So so understand where you are coming from. We have had a horrendous evening with homework. dd's stress levels have rocketed since we started GCSE courses. It is so ruining our relationship. We were beginning to think she was beginning to get more independent but have had a real regression in the past few weeks. It could be the therapy she has started which is making her quite angry at times, but I think it is more about getting so stressed she can't think straight. I will have to go into school again I think.
Is there anyway Simba could get a bit of support with homework through school with EHC hours and pp+? would that take the pressure off a bit ? DD's school have a homework club but it is not really supervised so she ends up on a computer doing games etc rather than doing the task set; but some schools do offer more help. My niece who is now in year 13 ( and does not have the difficulties dd has) has been helping younger children who cannot organise themselves or need support to do their homework for some time at an after school club. I think she gets paid for doing it too. I think there are teachers there too so it is well supervised.It might be worth asking. We wish my niece lived nearer and could encourage dd, or that her school did a similar thing.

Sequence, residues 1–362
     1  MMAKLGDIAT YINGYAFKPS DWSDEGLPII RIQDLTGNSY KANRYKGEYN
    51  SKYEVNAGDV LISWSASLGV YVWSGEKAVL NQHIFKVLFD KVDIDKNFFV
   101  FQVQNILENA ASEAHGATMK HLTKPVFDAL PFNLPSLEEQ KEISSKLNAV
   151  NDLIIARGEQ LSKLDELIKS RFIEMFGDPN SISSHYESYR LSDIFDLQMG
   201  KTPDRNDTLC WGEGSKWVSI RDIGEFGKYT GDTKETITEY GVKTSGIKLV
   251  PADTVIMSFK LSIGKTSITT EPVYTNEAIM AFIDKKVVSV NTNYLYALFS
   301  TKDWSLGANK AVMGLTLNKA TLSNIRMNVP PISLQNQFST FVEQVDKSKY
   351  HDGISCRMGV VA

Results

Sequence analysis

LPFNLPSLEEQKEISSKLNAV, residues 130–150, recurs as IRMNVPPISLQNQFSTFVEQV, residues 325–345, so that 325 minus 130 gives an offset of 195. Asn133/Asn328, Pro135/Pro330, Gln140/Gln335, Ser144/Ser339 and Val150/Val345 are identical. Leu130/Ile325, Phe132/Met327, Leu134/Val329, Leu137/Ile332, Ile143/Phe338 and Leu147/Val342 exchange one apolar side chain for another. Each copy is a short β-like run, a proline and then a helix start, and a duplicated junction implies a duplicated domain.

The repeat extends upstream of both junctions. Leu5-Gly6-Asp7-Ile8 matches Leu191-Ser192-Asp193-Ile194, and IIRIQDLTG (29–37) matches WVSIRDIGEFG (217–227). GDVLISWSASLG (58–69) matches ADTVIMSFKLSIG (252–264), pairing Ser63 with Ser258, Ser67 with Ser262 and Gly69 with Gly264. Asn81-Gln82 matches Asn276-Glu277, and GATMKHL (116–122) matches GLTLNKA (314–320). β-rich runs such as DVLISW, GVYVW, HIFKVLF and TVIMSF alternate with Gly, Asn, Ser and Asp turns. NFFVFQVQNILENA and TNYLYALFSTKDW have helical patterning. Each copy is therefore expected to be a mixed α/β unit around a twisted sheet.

I take back a little bit of what I said yesterday. I went in to see the Head of year and teacher in charge of PP+ recently. They seemed quite understanding about homework, and her low self esteem, and said they would send an email round to teachers so they knew some of the difficulties we were having. DD has got in a real muddle with her GCSE photography work, causing even more stress. Lack of organisation and lots of unfinished pieces, so I emailed the teacher. Got a lovely response she will help dd sort her work tomorrow and put post its stating what is missing from her book so we can get back on track in the holiday; and she suggests dd comes to her after school Monday group for children who lack organisation or cannot work well at home to do some of her photography homework and catch up from lessons. She also said if she completes everything properly she will re grade the unfinished work. It just shows that some teachers do take things on board. She had obviously read the email from head of year. I know the graphics teacher also sometimes does this; so there are probably more teachers that do.